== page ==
Cancer cells rewire metabolic pathways to drive the uptake and/or catabolism of nutrients that sustain the high energetic demands needed for their growth (mass) and rapid rates of proliferation. Myc oncoproteins function as transcription factors and are activated in over half of all human cancers. Myc induces the transcription of several genes involved in glycolysis and glutaminolysis, including those encoding transporters of glucose, glutamine, lactate and branched-chain amino acids (BCAA: valine, leucine and isoleucine, via LAT1/SLC7A5). Tumors driven by Myc are addicted to and utilize L-glutamine to feed carbon intermediates into the Krebs cycle. We reasoned that Myc would also control the catabolism of BCAAs, which also provides key metabolic intermediates, specifically acetoacetate, acetyl-CoA, propionyl-CoA/succinyl-CoA, NADH and FADH2. In support of this notion, our new studies of E?-Myc transgenic mice, a validated model of human B cell Burkitt lymphoma (BL) that bear MYC/Ig translocations, and of BL cells, demonstrate that: (i) premalignant and neoplastic Myc-expressing B cells express elevated mRNA and protein levels of Bcat1, which is a bona fide Myc transcription target and the first enzyme in BCAA catabolism; (ii) elevated levels of several other enzymes that direct BCAA catabolism are evident in E?-Myc B cells and BL; (iii) BCAT1 knockdown impairs the growth, survival and clonogenicity of BL cells; (iv) treatment with Gabapentin, a known BCAT1 inhibitor, impairs the growth and survival of E?-Myc lymphoma and of BL, but not of normal B cells. These findings support the hypothesis that BCAT1 is necessary for the development and maintenance of Myc-driven lymphoma.
In Specific Aim 1, we will use mouse models to test if Bcat1 plays essential, intrinsic roles in B lymphopoiesis and homeostasis, and if Bcat1 loss affects B cell proliferation and survival.
In Specific Aim 2, we will test if Bcat1 is necessary for the development and maintenance of Myc-driven lymphomagenesis. Here we will assess the effects of Bcat1 loss: (i) on the proliferation and survival of pre-malignant E?-Myc B cells; (ii) on lymphoma onset and overall survival; and (iii) on maintenance of the malignant state.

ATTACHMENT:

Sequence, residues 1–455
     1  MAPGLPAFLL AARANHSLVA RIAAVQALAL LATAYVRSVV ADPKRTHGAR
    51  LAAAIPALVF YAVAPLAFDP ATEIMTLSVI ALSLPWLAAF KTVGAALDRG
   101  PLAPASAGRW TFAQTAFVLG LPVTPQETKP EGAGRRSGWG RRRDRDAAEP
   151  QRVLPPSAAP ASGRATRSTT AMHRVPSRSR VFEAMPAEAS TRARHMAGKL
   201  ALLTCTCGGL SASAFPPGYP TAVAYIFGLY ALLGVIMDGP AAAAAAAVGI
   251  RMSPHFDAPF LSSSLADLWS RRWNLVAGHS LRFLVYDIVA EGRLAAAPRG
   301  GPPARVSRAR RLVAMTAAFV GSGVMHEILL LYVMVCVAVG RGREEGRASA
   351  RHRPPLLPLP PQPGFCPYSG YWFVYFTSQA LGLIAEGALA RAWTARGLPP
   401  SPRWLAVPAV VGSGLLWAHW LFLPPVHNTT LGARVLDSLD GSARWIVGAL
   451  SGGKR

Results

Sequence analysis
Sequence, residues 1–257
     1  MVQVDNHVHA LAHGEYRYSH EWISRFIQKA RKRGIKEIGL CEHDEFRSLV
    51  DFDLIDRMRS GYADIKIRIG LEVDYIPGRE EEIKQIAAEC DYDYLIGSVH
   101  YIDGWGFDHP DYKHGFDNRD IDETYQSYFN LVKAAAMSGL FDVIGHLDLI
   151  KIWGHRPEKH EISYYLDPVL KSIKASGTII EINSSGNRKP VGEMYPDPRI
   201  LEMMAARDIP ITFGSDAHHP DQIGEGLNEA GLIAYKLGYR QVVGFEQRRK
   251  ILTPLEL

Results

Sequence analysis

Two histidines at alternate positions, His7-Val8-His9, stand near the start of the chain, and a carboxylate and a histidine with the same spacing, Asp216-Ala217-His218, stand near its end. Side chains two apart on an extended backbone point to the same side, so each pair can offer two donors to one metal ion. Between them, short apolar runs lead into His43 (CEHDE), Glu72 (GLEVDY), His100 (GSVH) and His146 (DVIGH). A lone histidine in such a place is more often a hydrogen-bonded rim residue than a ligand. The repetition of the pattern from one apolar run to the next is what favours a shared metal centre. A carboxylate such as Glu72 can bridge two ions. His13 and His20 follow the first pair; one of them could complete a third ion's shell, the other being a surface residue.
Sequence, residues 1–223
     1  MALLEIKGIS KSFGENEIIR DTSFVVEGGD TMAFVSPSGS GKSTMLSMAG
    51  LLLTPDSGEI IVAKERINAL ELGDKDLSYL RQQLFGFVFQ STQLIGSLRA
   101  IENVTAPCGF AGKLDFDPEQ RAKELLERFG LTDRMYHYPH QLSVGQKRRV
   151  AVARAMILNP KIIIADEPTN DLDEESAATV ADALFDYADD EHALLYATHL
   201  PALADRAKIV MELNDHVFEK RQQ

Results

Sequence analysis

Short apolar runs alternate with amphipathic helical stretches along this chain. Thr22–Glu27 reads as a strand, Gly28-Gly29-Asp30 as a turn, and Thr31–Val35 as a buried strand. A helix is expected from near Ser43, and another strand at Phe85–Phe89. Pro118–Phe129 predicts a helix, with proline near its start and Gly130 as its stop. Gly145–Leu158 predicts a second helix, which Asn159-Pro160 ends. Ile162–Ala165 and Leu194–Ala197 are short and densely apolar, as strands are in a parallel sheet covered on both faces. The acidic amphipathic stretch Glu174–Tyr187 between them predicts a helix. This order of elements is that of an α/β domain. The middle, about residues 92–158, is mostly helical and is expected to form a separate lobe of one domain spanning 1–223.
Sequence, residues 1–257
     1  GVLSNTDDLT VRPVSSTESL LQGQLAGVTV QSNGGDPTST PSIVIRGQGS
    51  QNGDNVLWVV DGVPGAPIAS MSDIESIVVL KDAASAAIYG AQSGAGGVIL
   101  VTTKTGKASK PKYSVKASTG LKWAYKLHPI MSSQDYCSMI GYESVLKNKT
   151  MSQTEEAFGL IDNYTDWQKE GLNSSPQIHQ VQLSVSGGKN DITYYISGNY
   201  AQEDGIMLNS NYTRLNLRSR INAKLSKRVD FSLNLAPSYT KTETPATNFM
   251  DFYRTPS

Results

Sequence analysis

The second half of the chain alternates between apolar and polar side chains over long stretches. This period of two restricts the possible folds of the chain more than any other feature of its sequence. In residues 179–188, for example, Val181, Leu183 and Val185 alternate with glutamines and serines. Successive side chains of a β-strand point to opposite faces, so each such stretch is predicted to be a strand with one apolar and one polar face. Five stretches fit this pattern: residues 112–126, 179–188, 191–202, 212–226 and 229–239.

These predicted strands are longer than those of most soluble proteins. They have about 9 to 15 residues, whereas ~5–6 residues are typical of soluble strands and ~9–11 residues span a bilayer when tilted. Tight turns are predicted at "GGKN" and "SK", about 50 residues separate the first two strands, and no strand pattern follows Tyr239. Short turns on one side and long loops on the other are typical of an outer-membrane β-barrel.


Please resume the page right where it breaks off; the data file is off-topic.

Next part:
In Specific Aim 3, we will defin the metabolic perturbations that ensue following chronic versus acute Bcat1 loss or depletion in normal B cells, E?-Myc lymphomas and BL cell lines. Here we will assess changes in the steady-state levels and flux of metabolites derived from BCAAs, and possible alterations in mitochondrial respiration, glycolysis and nutrient uptake. In addition, the effects of Bcat1 loss o depletion on the sensitivity of mouse and human lymphomas to glycolytic, OXPHOS and lactate transport inhibitors will be determined. We submit that these studies will establish BCAA catabolism as a novel therapeutic vulnerability for human tumors with MYC/MYCN involvement and that they will offer new avenues for cancer prevention and treatment.

Public Health Relevance

Our studies suggest that Myc oncoproteins, which are activated in well over half of all human tumor types, induce the transcription of genes that encode enzymes that direct the catabolism (breakdown) of branched chain amino acids (BCAA; i.e., valine, leucine and isoleucine), which generate key metabolites that cancer cells require for energy (ATP) and biosynthetic pathways. Further, our genetic and pharmacological studies have shown that disabling BCAT1, a Myc target that is first enzyme in the BCAA pathway, rapidly compromises the growth and survival of mouse and human lymphomas having Myc involvement. Accordingly, the proposed studies seek to define the roles of this enzyme in the development and maintenance of Myc- driven lymphoma, and to validate BCAT1 as a therapeutic vulnerability for a broad spectrum of malignancies.

National Institute of Health (NIH)
National Cancer Institute (NCI)
Postdoctoral Individual National Research Service Award (F32)
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Special Emphasis Panel (ZRG1)
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Mcguirl, Michele
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H. Lee Moffitt Cancer Center & Research Institute
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